Pubdate: Sat, 25 Oct 2003
Source: Richmond Times-Dispatch (VA)
Copyright: 2003 Richmond Newspapers Inc.
Author: Tom Campbell
Bookmark: (Corruption - United States)


Ex-State Trooper Also To Face Drug Charges Again At New Trial

Federal prosecutors have filed new drug-conspiracy and related charges 
against former law officers Marshall L. King and Bruno L. Crutchfield, 
whose first convictions were set aside because of perjury allegations.

The superseding indictment charges King, a former state trooper, with 
conspiracy to distribute crack cocaine, four counts of failing to report a 
felony and two counts of obstructing justice.

Crutchfield, the former police chief of Brodnax, is charged with the same 
crack-conspiracy count and one count of failing to report a felony.

A new separate indictment charges King with soliciting perjury, obstruction 
of justice and bribery. Those acts are alleged to have taken place in the 
summer of 2002, after the convictions were vacated.

The allegations are that King, in the summer of 2002 just after the 
convictions were set aside, tried to pay one of the prosecution witnesses 
to say a Virginia State Police lieutenant asked him to lie about King in court.

Both U.S. District Court indictments were filed by a grand jury that met in 
Alexandria on Thursday. The new charges against King are likely to be tried 
separately from the drug-related charges.

King and Crutchfield were convicted of a similar conspiracy charge in late 
2000, but that jury acquitted them of multiple drug counts supporting the 
conspiracy allegation. King was also convicted of failing to report a felony.

In April 2001, Judge Robert E. Payne sentenced King to 15 years and eight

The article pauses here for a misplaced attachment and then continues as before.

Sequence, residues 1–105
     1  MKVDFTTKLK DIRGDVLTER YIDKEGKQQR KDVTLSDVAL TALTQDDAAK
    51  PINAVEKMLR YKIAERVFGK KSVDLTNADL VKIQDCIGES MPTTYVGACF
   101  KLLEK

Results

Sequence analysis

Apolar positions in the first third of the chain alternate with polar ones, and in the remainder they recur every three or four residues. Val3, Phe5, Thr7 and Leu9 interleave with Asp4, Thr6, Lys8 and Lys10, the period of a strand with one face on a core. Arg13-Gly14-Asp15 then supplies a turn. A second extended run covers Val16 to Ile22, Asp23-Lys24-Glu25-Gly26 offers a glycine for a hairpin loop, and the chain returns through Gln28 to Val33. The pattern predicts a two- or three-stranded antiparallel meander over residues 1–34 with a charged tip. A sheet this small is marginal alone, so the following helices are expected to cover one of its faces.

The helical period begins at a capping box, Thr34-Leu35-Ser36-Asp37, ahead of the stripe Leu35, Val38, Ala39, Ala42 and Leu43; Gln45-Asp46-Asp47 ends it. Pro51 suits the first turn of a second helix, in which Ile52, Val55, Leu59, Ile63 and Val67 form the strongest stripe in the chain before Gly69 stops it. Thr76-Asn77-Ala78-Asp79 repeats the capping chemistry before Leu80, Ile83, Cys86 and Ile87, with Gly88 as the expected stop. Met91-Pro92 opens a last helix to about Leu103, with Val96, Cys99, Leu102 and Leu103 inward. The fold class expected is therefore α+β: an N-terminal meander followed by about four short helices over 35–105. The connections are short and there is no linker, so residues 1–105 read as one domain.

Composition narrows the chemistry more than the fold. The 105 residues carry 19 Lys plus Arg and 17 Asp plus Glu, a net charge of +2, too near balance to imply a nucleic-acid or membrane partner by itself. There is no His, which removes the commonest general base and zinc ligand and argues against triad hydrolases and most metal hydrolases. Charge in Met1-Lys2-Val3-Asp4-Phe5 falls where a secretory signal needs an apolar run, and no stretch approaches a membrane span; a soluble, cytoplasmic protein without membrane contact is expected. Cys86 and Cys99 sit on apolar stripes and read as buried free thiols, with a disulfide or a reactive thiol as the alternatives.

months in prison. Crutchfield got 12 years and seven months.

A year later, King lawyer Matthew P. Geary asked Payne for a new trial 
based on evidence that two key prosecution witnesses had lied in court and 
that one of them, while in jail himself, had recruited other prisoners to 
falsely testify as well.

Payne eventually was convinced that enough of the trial testimony was 
tainted to warrant a new trial. The federal appeals court in Richmond 
affirmed that decision in July.

A new trial for King and Crutchfield, both currently free on bond, is 
scheduled to start Nov. 19. Whether the new charges will delay the trial 
was not clear yesterday.

Payne has not yet ruled on a pretrial motion from Geary that would limit 
prosecution questioning of witnesses at the second trial because, despite 
Payne's findings about perjury, the government has not brought charges. 
Geary argued that the standard questions about whether the witness is 
telling the truth and knows the penalty for perjury should not be asked 
because in some cases there apparently is no penalty.

Geary said yesterday that it seems the government had no trouble alleging 
that King obstructed justice and solicited perjury, "so I don't see why 
they're having such trouble charging people who Judge Payne, in a 40-page 
opinion, found had committed perjury."
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